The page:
On January 23, Teofilo Rodriguez Cazorla, also known as “El Conejo,” or “The Rabbit,” was killed on Margarita Island in Venezuela.
Until his release from the island’s San Antonio prison in 2015, after 12 years of incarceration for drug trafficking, Cazorla was one of the country’s most innovative crime lords, turning his prison into a lucrative personal fiefdom.
As Francisco Toro writes at Caracas Chronicles, Cazorla was “a visionary” prison gang boss who personified Venezuela’s social and political breakdown.
At San Antonio, Cazorla ruled over an inverted image of a functioning society: A prison safer, better governed, and more appealing in some ways than the outside, and a place where criminals became one of the few remaining beacons of order.
Toro writes that “El Conejo” was “The Steve Jobs of [prison gang bosses],” turning his prison into a hedonistic moneymaking operation.
But just as importantly, he created “the kind of order the ‘official’ state is no longer in a position to offer,” becoming so indispensable to Margarita’s social harmony — and so widely feared — that schools closed down in the days after his death, with “many of the island’s residents … shutting themselves in their homes this week … [w]aiting to see what happens next.”
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Toro links to an astonishing 2011 New York Times report that explains how “El Conejo” pulled this off. Times reporter Simon Romero likened San Antonio prison to a “Hugh Hefner-inspired fleshpot,” with four swimming pools, a disco, a cockfighting arena, and plentiful quantities of both marijuana and crack cocaine.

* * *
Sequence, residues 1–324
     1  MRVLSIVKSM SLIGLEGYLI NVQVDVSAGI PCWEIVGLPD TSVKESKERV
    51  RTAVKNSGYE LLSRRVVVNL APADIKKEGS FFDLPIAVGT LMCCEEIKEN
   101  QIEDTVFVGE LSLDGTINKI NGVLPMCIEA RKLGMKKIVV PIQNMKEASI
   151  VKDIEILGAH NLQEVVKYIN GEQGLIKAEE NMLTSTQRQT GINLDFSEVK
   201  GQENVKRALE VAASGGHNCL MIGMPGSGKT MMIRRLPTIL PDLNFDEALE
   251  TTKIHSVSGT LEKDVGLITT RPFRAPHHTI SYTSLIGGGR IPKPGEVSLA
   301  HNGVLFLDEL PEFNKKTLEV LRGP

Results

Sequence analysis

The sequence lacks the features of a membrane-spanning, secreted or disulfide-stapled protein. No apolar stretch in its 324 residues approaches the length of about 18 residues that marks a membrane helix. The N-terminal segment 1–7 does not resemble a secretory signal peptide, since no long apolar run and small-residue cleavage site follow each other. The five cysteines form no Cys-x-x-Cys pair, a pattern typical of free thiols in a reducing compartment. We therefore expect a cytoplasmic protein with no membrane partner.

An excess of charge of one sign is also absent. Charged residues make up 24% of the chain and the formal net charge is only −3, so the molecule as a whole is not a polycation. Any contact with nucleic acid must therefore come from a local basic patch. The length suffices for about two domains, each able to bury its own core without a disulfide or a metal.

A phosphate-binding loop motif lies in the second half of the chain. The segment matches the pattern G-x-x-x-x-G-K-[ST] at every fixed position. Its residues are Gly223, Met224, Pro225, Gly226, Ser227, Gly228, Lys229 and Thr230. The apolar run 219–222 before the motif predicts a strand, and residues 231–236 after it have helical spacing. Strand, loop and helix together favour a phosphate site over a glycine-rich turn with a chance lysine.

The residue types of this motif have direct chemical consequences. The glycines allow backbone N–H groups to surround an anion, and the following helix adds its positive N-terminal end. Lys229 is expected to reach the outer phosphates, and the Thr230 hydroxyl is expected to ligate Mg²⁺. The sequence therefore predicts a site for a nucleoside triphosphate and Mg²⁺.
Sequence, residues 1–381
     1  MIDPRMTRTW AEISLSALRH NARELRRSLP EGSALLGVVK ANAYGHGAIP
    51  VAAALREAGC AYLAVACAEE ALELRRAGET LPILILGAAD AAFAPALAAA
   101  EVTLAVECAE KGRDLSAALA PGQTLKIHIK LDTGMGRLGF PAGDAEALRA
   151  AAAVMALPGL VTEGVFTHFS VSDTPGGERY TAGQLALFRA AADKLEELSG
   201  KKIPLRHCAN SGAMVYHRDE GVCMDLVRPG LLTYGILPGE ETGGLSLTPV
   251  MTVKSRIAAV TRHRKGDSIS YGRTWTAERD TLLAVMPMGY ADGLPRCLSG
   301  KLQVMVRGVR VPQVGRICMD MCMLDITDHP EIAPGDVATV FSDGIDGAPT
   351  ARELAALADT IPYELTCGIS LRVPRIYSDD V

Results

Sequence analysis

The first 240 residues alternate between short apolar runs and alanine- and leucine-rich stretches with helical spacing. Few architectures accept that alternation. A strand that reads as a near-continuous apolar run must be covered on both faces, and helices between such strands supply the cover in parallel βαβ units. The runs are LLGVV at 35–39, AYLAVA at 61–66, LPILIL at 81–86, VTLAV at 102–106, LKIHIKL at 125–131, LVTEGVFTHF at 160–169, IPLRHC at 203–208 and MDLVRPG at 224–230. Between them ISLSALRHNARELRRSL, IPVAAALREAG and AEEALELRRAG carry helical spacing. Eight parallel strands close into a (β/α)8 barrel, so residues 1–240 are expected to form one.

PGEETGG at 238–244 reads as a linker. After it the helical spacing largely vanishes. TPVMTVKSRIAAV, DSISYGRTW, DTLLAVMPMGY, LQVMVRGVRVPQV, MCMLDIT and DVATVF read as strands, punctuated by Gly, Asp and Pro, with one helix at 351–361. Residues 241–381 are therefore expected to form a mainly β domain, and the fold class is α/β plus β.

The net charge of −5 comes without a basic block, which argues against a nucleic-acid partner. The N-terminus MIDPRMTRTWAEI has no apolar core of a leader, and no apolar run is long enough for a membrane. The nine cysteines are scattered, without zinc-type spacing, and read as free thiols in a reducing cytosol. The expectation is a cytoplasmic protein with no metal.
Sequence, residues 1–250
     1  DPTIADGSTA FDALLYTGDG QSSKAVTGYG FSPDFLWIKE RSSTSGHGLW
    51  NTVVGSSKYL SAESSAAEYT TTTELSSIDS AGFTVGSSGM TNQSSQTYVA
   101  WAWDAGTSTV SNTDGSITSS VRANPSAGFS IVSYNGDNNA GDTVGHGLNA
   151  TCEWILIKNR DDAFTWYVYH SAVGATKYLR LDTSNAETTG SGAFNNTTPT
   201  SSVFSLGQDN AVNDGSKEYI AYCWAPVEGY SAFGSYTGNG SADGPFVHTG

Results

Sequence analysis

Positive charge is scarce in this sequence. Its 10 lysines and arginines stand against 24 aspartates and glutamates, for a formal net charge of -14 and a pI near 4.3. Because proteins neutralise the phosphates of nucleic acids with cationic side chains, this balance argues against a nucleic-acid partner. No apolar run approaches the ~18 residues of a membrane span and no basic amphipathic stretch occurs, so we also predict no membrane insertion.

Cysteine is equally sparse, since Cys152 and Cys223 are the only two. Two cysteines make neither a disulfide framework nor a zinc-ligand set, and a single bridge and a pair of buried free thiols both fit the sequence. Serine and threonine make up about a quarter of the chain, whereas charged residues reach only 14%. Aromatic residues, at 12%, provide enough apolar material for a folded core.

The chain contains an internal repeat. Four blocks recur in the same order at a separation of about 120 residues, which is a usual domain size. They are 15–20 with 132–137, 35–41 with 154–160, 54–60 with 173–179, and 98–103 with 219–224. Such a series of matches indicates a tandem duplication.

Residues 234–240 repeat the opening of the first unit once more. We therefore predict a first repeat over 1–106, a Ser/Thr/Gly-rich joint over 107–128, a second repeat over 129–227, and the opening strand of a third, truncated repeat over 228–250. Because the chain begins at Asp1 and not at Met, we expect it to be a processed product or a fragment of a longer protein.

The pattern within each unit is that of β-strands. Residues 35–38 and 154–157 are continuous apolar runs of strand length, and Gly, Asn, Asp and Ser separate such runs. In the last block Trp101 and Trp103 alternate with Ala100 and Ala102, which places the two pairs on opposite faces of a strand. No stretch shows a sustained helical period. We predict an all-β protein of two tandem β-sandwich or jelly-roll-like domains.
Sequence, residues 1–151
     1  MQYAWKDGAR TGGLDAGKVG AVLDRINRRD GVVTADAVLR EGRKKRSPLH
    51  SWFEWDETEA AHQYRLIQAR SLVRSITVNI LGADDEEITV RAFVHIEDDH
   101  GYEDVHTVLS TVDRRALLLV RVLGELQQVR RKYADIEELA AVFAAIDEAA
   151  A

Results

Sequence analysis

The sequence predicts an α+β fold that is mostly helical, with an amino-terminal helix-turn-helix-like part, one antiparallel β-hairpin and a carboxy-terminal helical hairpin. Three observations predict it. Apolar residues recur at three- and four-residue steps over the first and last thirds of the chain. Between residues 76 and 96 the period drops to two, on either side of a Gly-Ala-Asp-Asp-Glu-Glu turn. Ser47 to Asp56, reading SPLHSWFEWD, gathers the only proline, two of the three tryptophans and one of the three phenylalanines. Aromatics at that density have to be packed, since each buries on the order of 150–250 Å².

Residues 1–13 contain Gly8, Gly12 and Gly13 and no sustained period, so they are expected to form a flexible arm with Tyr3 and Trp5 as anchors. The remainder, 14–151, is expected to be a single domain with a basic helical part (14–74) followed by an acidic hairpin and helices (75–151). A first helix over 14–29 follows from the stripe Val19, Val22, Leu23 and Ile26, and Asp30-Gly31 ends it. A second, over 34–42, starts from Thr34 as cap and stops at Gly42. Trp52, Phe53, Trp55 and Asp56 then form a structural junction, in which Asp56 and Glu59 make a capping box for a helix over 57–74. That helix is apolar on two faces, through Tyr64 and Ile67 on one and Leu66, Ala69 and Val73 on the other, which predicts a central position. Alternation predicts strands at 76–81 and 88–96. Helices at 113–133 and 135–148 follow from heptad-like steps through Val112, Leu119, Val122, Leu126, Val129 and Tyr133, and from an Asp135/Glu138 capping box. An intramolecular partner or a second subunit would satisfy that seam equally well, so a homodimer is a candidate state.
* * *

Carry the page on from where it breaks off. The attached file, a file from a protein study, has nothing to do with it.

Outsiders would come to San Antonio — a place that “almost resembles the island’s beach resorts” — to gamble, party, and relax, and “El Conejo” would in turn distribute the profits among fellow prison gang members.
As Toro notes, Cazorla’s criminal enterprises spread beyond San Antonio’s walls: “Virtually every taxi on the island now sports his trademark (-infringing) Playboy Bunny sticker – visual evidence that the drivers had paid their protection money,” he writes. “Nothing seemed to move in Margarita without the rabbit’s say so.”
Crucially, inmate privileges extended beyond hedonism and profiteering, as Cazorla’s gang was also able to amass an impressive arms stockpile.
Romero quotes a 10-year veteran of the British army imprisoned in San Antonio on drug-trafficking charges who marveled at the inmates’ arsenal: “I’ve seen some guns in here that I’ve never seen before. AK-47s, AR-15s, M-16s, Magnums, Colts, Uzis, Ingrams. You name them, it’s in here.” According to Venezuela’s El Universal, inmates fired automatic weapons from the prison’s roof after Cazorla’s death.
The particular version of order that Cazorla imposed on San Antonio was lucrative for certain inmates, and certainly for himself: Romero interviewed Cazorla “as bodyguards shucked oysters for him.”
But it was order of a decidedly antisocial sort, held together through violence and fear: “A mural at the prison depicts Mr. Rodríguez as conductor of a train, accompanied by gun-wielding subordinates, barreling toward a snitch hanging from a noose,” Romero wrote.
Toro suggests that the prison-lord mentality is already filtering into Venezuelan society as the economy collapses and people lose their little remaining confidence in the country’s political system.
Had Cazorla lived a bit longer, he would have had both the experience and the motivation needed to capitalize amid the chaos. “Asked about his ambitions after incarceration, he said he would consider politics,” writes Romero.
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